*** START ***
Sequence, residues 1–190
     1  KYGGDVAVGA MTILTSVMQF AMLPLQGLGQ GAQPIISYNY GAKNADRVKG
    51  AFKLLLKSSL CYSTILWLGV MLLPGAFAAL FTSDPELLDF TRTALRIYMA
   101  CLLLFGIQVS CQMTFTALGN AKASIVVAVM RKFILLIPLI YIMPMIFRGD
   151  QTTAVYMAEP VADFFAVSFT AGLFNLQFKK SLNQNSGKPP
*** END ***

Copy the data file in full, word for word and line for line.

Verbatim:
Sequence, residues 1–190
     1  KYGGDVAVGA MTILTSVMQF AMLPLQGLGQ GAQPIISYNY GAKNADRVKG
    51  AFKLLLKSSL CYSTILWLGV MLLPGAFAAL FTSDPELLDF TRTALRIYMA
   101  CLLLFGIQVS CQMTFTALGN AKASIVVAVM RKFILLIPLI YIMPMIFRGD
   151  QTTAVYMAEP VADFFAVSFT AGLFNLQFKK SLNQNSGKPP